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Climate change could pose 'existential risk to civilization' by 2050, report says

The report, which maps out the worst case scenario for the next 30 years, sees a future 'with a high likelihood of human civilization coming to an end.'
Credit: AP
Icebergs float in the Nuup Kangerlua Fjord near Nuuk in southwestern Greenland, Tuesday Aug. 1, 2017. The icebergs calved off a glacier from the Greenland ice sheet, the second largest body of ice in the world which covers roughly 80 percent of the country. (AP Photo/David Goldman)

An Australian report warns that climate change is an "existential risk to civilization" that can pose "permanent large negative consequences to humanity". 

The report was written by David Spratt, the research director for Breakthrough National Centre for Climate Restoration in Melbourne, and Ian T. Dunlop, a former oil, gas and coal executive and chair of the Australian Coal Association. Former chief of the Australian Defense Force Chris Barrie endorsed the report's findings. 

In their report, Spratt and Dunlop map out the worst case scenario for the world in the next 30 years. They predict that even 2 degrees Celsius of warming would lead to civilization falling to ruin if society does not institute carbon emission reforms in the 2020s and 2030s.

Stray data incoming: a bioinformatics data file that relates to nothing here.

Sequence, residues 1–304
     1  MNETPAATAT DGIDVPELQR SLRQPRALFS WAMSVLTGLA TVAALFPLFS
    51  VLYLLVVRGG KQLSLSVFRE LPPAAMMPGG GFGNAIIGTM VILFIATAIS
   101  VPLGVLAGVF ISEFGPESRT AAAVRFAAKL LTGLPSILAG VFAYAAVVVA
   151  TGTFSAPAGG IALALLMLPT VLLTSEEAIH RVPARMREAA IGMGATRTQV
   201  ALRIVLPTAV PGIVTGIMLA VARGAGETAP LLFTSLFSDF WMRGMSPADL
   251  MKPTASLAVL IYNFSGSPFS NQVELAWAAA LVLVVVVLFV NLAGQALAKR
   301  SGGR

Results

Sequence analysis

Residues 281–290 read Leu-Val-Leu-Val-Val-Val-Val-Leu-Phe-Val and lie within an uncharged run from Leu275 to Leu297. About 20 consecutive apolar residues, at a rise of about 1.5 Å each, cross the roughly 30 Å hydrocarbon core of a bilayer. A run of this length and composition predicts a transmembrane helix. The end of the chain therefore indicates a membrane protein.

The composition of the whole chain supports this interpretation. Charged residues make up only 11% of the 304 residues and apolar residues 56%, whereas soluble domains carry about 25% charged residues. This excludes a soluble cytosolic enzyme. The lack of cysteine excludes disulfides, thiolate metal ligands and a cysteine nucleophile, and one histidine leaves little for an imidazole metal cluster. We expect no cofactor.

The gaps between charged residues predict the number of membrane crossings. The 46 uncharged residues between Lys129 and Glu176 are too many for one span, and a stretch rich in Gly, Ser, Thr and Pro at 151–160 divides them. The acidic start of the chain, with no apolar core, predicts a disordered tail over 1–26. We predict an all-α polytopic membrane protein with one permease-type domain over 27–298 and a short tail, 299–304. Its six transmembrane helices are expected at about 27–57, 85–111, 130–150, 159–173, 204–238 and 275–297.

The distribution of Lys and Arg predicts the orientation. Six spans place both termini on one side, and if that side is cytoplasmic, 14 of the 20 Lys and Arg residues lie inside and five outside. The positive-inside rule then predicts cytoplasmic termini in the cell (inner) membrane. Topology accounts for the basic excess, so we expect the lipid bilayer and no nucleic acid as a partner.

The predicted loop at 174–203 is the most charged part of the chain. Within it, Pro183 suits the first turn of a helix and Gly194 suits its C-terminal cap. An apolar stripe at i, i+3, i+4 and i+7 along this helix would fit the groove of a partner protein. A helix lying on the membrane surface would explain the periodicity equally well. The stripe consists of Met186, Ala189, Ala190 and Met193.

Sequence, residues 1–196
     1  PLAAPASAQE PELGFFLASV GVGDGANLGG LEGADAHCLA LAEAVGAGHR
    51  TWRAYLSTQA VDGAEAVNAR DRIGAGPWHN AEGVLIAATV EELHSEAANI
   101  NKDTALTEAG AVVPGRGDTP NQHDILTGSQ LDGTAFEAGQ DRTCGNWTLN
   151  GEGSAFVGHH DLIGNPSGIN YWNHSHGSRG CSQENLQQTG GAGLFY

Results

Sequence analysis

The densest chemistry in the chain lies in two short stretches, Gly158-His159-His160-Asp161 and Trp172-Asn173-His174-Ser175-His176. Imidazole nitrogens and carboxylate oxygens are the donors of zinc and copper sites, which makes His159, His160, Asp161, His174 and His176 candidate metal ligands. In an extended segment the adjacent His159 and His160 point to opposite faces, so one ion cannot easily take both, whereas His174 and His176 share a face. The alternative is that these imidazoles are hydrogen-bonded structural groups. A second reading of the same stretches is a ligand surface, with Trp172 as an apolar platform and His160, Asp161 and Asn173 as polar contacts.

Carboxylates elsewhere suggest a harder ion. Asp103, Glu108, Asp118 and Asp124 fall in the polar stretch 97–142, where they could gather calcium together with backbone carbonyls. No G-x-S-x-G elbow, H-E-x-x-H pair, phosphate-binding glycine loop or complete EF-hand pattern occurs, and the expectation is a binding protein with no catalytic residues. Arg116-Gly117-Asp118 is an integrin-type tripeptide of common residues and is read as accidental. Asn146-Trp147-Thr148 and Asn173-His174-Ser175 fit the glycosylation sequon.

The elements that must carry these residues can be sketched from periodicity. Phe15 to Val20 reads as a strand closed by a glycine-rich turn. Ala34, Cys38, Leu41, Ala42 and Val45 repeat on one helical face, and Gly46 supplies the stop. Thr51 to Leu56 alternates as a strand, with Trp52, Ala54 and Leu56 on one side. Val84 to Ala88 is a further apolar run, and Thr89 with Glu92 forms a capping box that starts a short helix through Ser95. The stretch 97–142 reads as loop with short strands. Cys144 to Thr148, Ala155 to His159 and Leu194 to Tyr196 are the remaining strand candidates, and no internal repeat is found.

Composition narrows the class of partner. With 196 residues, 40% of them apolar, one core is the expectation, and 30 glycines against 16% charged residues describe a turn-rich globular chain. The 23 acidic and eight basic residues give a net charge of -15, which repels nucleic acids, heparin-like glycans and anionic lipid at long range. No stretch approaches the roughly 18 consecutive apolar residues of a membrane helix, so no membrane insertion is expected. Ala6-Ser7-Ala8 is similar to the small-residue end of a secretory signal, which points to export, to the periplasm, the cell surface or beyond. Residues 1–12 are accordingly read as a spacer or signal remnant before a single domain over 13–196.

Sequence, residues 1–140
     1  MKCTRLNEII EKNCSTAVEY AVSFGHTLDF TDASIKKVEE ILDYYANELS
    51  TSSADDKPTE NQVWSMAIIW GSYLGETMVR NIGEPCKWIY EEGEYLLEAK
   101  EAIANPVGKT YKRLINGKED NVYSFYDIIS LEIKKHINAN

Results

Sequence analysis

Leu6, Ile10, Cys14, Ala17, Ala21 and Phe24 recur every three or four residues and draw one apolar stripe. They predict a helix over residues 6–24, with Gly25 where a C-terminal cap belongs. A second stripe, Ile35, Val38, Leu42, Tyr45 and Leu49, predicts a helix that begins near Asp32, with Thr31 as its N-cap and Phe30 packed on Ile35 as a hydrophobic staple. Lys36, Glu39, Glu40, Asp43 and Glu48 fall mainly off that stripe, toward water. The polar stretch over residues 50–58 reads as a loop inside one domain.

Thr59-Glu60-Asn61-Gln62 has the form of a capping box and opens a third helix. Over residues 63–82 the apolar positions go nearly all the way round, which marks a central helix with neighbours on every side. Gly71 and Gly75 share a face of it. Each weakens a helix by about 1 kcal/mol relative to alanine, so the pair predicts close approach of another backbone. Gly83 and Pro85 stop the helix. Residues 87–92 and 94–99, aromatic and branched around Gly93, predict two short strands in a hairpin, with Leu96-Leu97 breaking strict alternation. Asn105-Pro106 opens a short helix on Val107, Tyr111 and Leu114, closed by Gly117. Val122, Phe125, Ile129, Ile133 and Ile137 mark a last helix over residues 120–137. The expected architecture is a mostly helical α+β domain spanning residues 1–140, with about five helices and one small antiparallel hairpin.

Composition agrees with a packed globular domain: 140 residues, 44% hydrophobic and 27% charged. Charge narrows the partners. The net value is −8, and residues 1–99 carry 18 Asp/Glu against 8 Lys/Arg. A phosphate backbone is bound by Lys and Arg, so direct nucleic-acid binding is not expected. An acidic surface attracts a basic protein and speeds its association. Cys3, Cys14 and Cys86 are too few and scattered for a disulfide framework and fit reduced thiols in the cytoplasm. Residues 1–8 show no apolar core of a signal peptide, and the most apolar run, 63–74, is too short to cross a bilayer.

"After nuclear war, human induced global warming is the greatest threat to human life on the planet," Barrie wrote.  

Spratt and Dunlop said that the effects of warming global temperatures would lead to a "hothouse Earth," leading to more days during the year where areas of the world would experience lethally high temperatures.They predict some of the world's most populous cities, such as Mumbai, Jakarta, Shanghai and Ho Chi Minh city will become uninhabitable. 

Displacement of people from these cities will lead to widespread societal consequences, Spratt and Dunlop predict. :"More than a billion people may need to be relocated," the report states. "The scale of destruction is beyond our capacity to model, with a high likelihood of human civilization coming to an end."

The report predicts that nations will be "overwhelmed" by the amount of displaced people, leading to "pernicious challenges" such as pandemic disease or even nuclear war.

Spratt and Dunlop stressed that that report is only a worst case scenario. They offer several solutions to avoiding the grim future predicted by the report. 

"To reduce such risks and to sustain human civilization, it is essential to build a zero emissions industrial system very quickly. This requires the global mobilization of resources on an emergency basis, akin to a wartime level of response," the report reads. "The national security sector has unrivaled experience and capacity in such mobilization, and can play a unique role in its development and implementation, as well as educating policymakers of the existential security risks in failing to do so."  

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